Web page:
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  Eur.J.Hortic.Sci. 80 (4) 177-182 | DOI: 10.17660/eJHS.2015/80.4.5
ISSN 1611-4426 print and 1611-4434 online | © ISHS 2015 | European Journal of Horticultural Science | Original article

Changes of microbial population in different rootzones of 'TifEagle' bermudagrass during establishment

J. Zhang1,2, Y. Liu1 and J.M. Zhang1
1 Grassland Department, South China Agricultural University, Guangzhou, China
2 Agronomy Department, University of Florida, Gainesville, United States

Microbes play important roles in soil nutrient cycling, thatch decomposition and antagonism towards pathogens. As turfgrass and golf industry are blooming in China in the past few decades, concerns arise regarding the role of sand-based rootzones of putting green as a favorable habitat for the development of microbes. The objective of the study was to examine the effects of different soil mixtures on the dynamic changes of soil microbial population and the turf quality during the first year of establishment. A greenhouse study was conducted with ‘TifEagle’ bermudagrass [Cynodon dactylon (L.) Χ C. transvaalensis Burtt-Davy] planted in the pots with five types of rootzones as follows: sand (A), native soil (B), sand mixed with native soil (C) (85: 15 v/v), sand mixed with peat (D) (85: 15, v/v); sand mixed with native soil and peat (E) (85: 7.5: 7.5 v/v/v). Microbial populations (bacteria, Bacillus spp., actinomycetes, and fungi), hydrolysable nitrogen (HRN) and organic matter (OM), and turfgrass quality were evaluated bimonthly and root and shoot biomass were determined at the end of the study. During the first-year establishment, bacteria and fungi populations increased from 6.79–7.02 to 7.27–7.43 lg cfu g-1 dry soil and from 4.36–4.58 to 5.82–6.35 lg cfu g-1 dry, respectively for sand-based rootzones but not Bacillus spp. and actinomycetes two months after planting, coupling with the decrease in soil OM and HRN. A decline in bacteria, Bacillus spp., and fungi occurred four months after planting, and maintained stable after six months of planting. Turfgrass quality was positively correlated with microbial population in Bacillus spp. (r=0.43, p < 0.001) and actinomycetes (r=0.50, p<0.001) and soil nutrient status in HRN (r=0.55, p<0.0001) and OM (r=0.65, p<0.0001). Sand-based rootzone mixtures were adequate to maintain turfgrass quality (6.4–7.6) and microbial population. Grasses grown in them had higher root:shoot ratio (1.92–2.06) than pure sand (0.75) and native soil (0.50) alone.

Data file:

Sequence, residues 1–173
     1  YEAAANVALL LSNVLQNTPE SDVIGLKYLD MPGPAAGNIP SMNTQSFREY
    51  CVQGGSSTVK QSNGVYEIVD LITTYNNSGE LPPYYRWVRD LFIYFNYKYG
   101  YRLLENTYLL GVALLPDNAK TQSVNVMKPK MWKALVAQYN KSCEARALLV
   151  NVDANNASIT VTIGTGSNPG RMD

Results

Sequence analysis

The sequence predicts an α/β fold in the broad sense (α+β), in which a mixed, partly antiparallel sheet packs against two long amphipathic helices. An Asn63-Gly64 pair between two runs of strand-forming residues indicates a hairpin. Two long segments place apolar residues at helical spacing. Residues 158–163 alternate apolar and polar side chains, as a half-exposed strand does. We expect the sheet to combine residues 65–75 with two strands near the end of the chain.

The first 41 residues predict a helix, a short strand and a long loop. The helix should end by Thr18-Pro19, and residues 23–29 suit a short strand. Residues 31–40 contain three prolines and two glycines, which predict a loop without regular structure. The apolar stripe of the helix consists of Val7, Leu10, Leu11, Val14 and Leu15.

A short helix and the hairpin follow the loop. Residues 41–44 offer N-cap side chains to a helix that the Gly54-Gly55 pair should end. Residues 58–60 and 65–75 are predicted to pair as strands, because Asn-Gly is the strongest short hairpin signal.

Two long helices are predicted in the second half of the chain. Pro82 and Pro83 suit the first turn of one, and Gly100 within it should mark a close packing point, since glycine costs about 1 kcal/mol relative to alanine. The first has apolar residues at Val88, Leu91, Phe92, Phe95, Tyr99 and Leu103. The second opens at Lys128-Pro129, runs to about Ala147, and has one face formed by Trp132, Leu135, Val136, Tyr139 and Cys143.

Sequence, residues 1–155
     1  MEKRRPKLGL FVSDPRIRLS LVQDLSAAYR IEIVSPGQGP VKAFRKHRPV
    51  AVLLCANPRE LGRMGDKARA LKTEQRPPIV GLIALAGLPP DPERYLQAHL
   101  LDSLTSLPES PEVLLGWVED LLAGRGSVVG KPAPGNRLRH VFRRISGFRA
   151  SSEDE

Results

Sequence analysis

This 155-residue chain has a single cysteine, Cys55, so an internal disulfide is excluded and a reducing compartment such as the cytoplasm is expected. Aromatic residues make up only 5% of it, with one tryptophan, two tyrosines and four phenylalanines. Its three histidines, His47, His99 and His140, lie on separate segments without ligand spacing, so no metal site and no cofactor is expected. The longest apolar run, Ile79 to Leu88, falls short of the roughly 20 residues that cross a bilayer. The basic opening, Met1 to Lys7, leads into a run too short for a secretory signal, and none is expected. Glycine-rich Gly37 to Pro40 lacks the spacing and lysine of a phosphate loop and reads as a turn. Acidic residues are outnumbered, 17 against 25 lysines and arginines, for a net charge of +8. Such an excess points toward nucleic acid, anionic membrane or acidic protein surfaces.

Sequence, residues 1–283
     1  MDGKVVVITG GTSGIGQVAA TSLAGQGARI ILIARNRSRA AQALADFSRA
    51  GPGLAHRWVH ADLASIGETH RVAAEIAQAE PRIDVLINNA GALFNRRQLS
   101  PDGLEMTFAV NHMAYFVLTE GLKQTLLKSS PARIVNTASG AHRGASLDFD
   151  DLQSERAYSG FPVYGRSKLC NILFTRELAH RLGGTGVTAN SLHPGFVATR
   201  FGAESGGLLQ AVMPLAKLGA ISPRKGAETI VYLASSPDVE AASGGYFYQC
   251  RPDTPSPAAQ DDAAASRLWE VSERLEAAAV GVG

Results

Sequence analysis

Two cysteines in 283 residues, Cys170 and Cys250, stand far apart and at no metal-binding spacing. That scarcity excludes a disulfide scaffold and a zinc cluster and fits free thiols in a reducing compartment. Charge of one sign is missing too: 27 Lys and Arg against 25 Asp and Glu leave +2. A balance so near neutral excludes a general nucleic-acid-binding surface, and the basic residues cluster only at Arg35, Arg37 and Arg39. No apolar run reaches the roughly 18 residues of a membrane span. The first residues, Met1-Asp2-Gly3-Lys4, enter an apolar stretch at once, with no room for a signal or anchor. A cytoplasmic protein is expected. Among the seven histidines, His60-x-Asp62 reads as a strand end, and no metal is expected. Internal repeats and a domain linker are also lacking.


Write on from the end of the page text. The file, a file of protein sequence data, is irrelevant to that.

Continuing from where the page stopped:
Keywords bacteria, fungi, actinomycetes, turfgrass quality, organic matter, available nitrogen

Significance of this study

What is already known on this subject?

  • It has been long suspected that sand-based rootzone in putting green does not create a favorable environment for the benefits of microorganisms. However, there are some studies reporting differently that the microbial population of mature putting rootzone can reach the same level with that was constructed with native soils even newly constructed putting green with cool-season turfgrass.
What are the new findings?
  • The study showed that sand-based rootzone mixtures were adequate to hold decent microbial population. Warm-season turfgrass grown in them had higher root:shoot ratio than pure sand and native soil alone. Turfgrass quality was also found to be correlated with certain microbial groups.
What is the expected impact on horticulture?
  • The use of sand-based mixtures with amendments is further warranted as it can promote both root growth and microbial population. The addition of organic matter would likely stimulate microbial activity.

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Received: 1 January 2015 | Revised: 12 May 2015 | Accepted: 19 May 2015 | Published: 24 August 2015 | Available online: 24 August 2015

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